I apologize for sleeping on posting this awesome guest post by my man Mike Haeg. He has taught me a tonne of great things when it comes to the importance of the phone in the dealership AND with my own sales team.- RT
Imagine a dingy factory in the outskirts of Chicago in 1922.
An ambitious manager has an idea for improving productivity: brighter lights! He thinks that a well-lit workspace will lead to fewer mistakes and better morale. The manager wants real data to prove the success of his new idea, so he installs a guy with a clipboard to monitor the workers on the day he cranks up the lights.
Productivity shot way up, and our manager is a hero. Better lighting produced better workers.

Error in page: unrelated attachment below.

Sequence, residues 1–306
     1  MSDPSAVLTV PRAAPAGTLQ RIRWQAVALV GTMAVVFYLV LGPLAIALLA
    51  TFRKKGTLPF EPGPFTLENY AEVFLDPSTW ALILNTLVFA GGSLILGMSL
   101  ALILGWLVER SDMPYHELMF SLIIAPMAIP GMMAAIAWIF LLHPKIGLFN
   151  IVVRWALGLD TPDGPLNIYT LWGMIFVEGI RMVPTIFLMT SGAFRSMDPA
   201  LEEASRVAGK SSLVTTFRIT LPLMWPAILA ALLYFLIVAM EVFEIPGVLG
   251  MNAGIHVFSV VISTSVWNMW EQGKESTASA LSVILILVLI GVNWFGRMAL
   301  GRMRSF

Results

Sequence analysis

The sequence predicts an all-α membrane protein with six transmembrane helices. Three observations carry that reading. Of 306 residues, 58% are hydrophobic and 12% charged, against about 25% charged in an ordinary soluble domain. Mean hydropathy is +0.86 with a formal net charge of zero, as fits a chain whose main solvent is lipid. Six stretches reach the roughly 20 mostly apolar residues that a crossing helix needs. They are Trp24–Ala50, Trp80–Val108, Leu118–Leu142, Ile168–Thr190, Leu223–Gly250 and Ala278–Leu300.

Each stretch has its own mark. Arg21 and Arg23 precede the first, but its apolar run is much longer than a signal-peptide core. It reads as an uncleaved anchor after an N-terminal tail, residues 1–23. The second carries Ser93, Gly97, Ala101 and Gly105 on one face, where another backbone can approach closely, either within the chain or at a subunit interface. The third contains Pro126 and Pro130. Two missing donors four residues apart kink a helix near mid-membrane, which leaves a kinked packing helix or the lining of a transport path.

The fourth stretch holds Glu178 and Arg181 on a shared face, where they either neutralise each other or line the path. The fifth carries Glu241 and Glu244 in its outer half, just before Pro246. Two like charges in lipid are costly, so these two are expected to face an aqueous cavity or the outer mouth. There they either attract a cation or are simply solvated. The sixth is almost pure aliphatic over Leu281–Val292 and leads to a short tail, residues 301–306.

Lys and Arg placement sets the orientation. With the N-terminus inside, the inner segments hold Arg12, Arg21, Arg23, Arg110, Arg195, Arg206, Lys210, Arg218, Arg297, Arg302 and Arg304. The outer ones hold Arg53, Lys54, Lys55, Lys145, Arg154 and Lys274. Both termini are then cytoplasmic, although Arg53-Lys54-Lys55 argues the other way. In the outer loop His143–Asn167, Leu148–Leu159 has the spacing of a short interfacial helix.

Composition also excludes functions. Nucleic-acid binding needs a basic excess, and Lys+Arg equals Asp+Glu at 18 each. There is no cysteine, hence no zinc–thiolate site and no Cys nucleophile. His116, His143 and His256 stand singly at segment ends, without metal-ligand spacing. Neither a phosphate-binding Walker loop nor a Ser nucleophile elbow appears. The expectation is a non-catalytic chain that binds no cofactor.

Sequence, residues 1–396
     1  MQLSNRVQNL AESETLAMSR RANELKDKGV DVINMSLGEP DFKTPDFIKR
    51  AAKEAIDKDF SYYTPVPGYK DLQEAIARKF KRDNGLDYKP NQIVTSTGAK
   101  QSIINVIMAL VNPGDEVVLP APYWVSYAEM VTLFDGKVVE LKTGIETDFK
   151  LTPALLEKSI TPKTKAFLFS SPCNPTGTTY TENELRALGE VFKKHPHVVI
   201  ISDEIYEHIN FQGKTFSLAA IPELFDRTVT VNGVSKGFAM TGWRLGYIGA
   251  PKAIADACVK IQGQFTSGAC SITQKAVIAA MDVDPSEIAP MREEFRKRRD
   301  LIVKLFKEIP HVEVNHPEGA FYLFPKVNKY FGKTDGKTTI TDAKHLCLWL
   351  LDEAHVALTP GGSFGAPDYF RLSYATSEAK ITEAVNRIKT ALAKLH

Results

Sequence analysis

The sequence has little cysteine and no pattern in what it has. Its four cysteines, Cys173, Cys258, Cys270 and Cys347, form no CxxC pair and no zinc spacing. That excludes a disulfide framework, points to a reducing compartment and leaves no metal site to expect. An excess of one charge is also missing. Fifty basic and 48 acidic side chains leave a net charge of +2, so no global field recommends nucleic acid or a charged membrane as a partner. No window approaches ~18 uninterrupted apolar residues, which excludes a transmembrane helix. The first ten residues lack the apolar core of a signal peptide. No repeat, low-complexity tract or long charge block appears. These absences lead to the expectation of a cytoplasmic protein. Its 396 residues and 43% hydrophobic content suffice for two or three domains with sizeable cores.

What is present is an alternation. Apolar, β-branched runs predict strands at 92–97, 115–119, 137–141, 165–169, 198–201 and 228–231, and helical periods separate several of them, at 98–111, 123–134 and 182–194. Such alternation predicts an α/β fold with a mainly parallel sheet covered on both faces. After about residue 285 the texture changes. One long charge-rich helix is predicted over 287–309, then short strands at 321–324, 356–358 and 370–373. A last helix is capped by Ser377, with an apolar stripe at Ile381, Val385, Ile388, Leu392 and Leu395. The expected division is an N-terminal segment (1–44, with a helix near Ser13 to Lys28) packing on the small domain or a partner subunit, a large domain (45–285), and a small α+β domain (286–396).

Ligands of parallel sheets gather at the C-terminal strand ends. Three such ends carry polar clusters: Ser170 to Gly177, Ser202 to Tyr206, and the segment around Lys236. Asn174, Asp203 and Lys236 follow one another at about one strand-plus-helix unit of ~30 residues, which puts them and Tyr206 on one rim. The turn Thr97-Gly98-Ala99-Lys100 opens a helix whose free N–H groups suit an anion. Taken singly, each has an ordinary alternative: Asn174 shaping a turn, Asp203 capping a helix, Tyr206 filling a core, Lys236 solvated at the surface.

Or did it?
A skeptical professor asked if he could try something different. He came in and turned the lights down to the lowest setting. Now the factory was even darker than it had ever been. But the professor also made it a point to include the clipboard guy to observe the resulting behavior.
Guess what happened. Yep, productivity went up again. It turns out that the real hero was the person who was monitoring the results. When the workers knew they were being measured, they were better workers. It had nothing to do with the lighting.
This experiment took place in Hawthorne Works, a Western Electricity factory. The revelation became known as the Hawthorne Effect, which states that subjects improve or modify an aspect of behavior that is being experimentally measured in response to the awareness that the behavior is being studied.